Beyond this is the issue of treatment-related side effects. In an article this week in Lancet Oncology, the side effects of treating men with asymptomatic, non-curable prostate cancer (TOAD and TROG studies) was reported. This study is one of the few randomized studies in this setting. The men were about 70 years old with rising PSA’s, most having been previously treated. They were randomized 1:1 to starting ADT immediately or waiting until at least 2 years later unless “symptoms or metastases developed or PSA doubling times decreased to 6 months or less”. Earlier, the investigators published the survival data in this study, indicating some advantage to starting earlier, as shown in this graph. Screen Shot 2017-09-12 at 9.14.48 PM

However, keep in mind that the men who were in the immediate ADT arm also experienced the ADT side effects sooner according to the new report. The most important areas of symptoms were the hot flashes and decreases in sexual activity (reported only in the men who were sexually active) which were significantly worse with the immediate treatment, as might be expected. In a “global quality of life” measurement there was also worse quality of life, although it was not significant (the score number was 72.39 for delayed therapy vs. 70.83 for the immediate group). Further, the type of ADT used varied, and included both intermittent and continuous therapy (usually intermittent therapy has at least some improvement in quality of life). Finally, none of the men in these studies received the newer (and vastly more expensive -but probably more effective) ADT agents, abiraterone or enzalutamide which have been shown to improve survival when used “up front” in the metastatic setting.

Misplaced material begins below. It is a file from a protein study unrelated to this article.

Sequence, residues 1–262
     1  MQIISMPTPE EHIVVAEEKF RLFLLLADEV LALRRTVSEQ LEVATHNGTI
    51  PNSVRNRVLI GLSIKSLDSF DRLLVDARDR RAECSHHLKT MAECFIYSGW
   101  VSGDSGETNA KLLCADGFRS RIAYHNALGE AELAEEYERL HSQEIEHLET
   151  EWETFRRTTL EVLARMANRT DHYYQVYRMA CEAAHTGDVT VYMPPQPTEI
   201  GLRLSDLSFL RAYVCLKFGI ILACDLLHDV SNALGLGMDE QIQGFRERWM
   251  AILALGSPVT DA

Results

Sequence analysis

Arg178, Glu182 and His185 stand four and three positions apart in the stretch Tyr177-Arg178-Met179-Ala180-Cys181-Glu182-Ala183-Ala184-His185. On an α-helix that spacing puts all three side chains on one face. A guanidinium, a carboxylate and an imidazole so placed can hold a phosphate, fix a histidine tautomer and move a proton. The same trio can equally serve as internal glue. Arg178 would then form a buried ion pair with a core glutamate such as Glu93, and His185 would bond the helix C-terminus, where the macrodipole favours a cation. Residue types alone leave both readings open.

Thus, a rising PSA is obviously a reason for concern, but choosing a management strategy is quite complicated at the present time. The best news to come out of this study is that prostate cancer is a slow disease. “Overall, 18 (6%) men died from prostate cancer, 12 (8%) in the delayed treatment arm and six (4%) in the immediate arm…” This is not to say that as time goes on there will not be more prostate cancer deaths, and there was earlier metastatic progression in the delayed group, but it is equally important to realize that at age 70 there will be significant competing causes of mortality. Something will get us eventually, so the key is to not let prostate cancer (or the PSA) dominate our thinking. What other things can you work on? Stop smoking. Exercise. Improve your diet. And most of all, enjoy each day as a gift and live it to the fullest regardless of how you decide to deal with a rising PSA.


Filed under General Prostate Cancer Issues, Oligometastatic prostate cancer, Prostate cancer therapy